The Devil's Playground by James Traub
A Century of Pleasure and Profit in Times Square

No critic rating

Waiting for minimum critic reviews

See 2 Critic Reviews



As Times Square turns 100, New York Times Magazine contributing writer James Traub tells the story of how this mercurial district became one of the most famous and exciting places in the world. The Devil’s Playground is classic and colorful American history, from the first years of the twentieth century through the Runyonesque heyday of nightclubs and theaters in the 1920s and ’30s, to the district’s decline in the 1960s and its glittering corporate revival in the 1990s.

First, Traub gives us the great impresarios, wits, tunesmiths, newspaper columnists, and nocturnal creatures who shaped Times Square over the century since the place first got its name: Oscar Hammerstein, Florenz Ziegfeld, George S. Kaufman, Damon Runyon, Walter Winchell, and “the Queen of the Nightclubs,” Texas Guinan; bards like A. J. Liebling, Joe Mitchell, and the Beats, who celebrated the drug dealers and pimps of 42nd Street. He describes Times Square’s notorious collapse into pathology and the fierce debates over how best to restore it to life.

Traub then goes on to scrutinize today’s Times Square as no author has yet done. He writes about the new 42nd Street, the giant Toys “R” Us store with its flashing Ferris wheel, the new world of corporate theater, and the sex shops trying to leave their history behind.
More than sixty years ago, Liebling called Times Square “the heart of the world”—not just the center of the world, though this crossroads in Midtown Manhattan was indeed that, but its heart. From the dawn of the twentieth century through the 1950s, Times Square was the whirling dynamo of American popular culture and, increasingly, an urban sanctuary for the eccentric and the untamed. The name itself became emblematic of the tremendous life force of cities everywhere.

Today, Times Square is once again an awe-inspiring place, but the dark and strange corners have been filled with blazing light. The most famous street character on Broadway, “the Naked Cowboy,” has his own website, and Toys “R” Us calls its flagship store in Times Square “the toy center of the universe.” For the giant entertainment corporations that have moved to this safe, clean, and self-consciously gaudy spot, Times Square is still very much the center of the world. But is it still the heart?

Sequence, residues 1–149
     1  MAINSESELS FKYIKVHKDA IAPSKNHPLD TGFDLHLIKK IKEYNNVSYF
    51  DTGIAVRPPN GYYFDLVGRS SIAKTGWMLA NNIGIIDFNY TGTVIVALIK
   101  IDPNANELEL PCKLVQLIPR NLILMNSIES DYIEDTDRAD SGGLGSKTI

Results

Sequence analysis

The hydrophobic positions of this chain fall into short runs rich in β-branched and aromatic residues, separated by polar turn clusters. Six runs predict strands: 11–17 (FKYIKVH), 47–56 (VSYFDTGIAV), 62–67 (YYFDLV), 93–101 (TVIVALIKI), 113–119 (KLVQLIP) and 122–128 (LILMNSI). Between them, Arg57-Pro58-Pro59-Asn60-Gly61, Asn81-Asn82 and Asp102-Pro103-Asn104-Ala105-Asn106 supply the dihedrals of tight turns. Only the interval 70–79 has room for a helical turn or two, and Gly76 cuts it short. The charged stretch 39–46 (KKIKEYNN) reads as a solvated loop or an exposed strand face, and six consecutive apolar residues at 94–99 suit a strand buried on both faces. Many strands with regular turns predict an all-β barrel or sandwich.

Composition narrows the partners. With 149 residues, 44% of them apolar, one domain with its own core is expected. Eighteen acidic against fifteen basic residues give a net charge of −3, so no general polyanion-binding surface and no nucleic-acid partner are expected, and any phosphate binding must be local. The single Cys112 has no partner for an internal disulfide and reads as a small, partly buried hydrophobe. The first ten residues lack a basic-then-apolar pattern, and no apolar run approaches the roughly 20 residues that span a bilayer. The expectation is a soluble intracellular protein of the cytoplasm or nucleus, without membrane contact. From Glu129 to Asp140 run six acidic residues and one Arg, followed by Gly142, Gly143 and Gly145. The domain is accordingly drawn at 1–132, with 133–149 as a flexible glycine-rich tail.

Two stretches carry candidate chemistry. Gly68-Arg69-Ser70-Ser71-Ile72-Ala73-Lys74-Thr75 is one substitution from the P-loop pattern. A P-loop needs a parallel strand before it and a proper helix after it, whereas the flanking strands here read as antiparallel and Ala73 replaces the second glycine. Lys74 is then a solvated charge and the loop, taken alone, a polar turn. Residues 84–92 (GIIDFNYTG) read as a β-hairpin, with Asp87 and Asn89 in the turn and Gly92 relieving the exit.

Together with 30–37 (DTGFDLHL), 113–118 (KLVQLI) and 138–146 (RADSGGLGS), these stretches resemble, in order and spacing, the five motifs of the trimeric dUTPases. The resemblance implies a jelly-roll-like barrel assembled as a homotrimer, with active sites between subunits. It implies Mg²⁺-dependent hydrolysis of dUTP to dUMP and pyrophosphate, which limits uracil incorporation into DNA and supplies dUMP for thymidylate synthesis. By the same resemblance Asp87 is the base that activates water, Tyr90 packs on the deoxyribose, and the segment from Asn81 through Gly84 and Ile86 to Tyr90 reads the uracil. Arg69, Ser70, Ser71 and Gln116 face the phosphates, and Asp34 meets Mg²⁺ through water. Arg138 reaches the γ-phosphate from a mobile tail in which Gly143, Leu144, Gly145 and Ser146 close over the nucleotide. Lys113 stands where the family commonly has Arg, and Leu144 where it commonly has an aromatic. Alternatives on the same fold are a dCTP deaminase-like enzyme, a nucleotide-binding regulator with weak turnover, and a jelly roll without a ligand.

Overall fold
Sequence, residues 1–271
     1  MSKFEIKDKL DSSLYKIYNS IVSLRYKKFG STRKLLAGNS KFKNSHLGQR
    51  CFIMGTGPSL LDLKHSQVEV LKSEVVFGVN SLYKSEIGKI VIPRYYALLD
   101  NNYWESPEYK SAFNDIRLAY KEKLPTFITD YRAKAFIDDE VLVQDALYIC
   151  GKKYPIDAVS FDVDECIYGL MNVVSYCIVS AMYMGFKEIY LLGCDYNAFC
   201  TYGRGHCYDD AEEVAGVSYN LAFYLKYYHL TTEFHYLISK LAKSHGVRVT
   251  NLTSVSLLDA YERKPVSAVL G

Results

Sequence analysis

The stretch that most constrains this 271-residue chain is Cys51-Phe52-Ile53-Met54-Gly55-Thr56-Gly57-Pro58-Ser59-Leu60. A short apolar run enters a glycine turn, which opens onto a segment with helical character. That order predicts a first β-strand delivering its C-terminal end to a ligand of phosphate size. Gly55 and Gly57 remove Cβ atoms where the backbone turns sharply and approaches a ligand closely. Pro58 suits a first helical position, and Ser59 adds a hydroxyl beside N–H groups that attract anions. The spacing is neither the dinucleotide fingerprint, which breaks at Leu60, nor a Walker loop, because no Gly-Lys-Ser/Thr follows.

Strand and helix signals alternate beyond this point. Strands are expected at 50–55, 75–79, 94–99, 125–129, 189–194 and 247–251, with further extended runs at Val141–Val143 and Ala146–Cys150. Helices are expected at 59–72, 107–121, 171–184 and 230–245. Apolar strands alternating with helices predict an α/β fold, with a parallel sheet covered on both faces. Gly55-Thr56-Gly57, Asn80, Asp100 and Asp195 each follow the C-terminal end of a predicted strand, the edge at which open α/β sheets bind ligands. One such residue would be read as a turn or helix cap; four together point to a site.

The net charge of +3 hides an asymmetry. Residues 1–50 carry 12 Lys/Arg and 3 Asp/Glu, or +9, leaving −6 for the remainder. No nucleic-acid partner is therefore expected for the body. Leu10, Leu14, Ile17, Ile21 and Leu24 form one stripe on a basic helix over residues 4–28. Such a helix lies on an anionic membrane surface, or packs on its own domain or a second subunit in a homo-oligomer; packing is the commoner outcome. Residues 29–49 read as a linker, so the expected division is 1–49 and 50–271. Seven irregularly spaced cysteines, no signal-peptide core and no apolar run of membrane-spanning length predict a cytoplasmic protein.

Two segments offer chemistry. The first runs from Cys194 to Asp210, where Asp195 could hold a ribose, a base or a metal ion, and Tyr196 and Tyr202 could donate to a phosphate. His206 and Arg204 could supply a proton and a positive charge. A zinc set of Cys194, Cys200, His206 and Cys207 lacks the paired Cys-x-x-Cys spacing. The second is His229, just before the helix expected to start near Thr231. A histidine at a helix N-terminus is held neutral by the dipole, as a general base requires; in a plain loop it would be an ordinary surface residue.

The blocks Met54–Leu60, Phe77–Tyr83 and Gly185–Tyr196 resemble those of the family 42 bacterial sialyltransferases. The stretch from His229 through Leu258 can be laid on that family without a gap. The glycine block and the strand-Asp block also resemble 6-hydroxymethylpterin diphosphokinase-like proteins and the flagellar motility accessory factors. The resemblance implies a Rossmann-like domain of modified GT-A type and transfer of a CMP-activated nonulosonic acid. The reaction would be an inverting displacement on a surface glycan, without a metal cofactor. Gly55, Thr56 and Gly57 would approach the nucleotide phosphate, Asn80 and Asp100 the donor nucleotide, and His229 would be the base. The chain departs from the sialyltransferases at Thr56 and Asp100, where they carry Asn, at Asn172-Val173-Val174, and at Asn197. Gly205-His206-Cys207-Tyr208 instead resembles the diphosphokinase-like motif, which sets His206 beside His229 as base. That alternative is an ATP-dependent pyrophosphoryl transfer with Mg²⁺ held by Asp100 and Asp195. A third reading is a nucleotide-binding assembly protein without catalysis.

From the Hardcover edition.

About James Traub

See more books from this Author
JAMES TRAUB has been writing about the politics, culture, characters, and institutions of New York City for twenty-five years. Currently a contributing writer for The New York Times Magazine, he has also served as a staff writer for The New Yorker and has written for the country’s leading publications in fields as diverse as foreign affairs, national politics, education, urban policy, sports, and food. He is the author of two books with New York City settings—one on the Wedtech scandal of the mid-1980s, the other on City College of New York. He lives in Manhattan with his wife and son.From the Hardcover edition.
Published December 18, 2007 by Random House. 336 pages
Genres: History, Political & Social Sciences. Non-fiction

Unrated Critic Reviews for The Devil's Playground

Kirkus Reviews

See more reviews from this publication

On the hundredth anniversary of the naming of Times Square, journalist Traub (City on a Hill, 1994, etc.) traces the colorful history of America's premier theater district and appraises its most recent makeover by Disney and other global corporate brands.

May 20 2010 | Read Full Review of The Devil's Playground: A Cen...

Publishers Weekly

See more reviews from this publication

The first part of Traub's learned cultural history focuses on Times Square (originally Longacre Square before it was renamed in 1904) when it was the center of New York's—and the nation's—entertainment industry.

| Read Full Review of The Devil's Playground: A Cen...

Reader Rating for The Devil's Playground

An aggregated and normalized score based on 13 user ratings from iDreamBooks & iTunes

Rate this book!

Add Review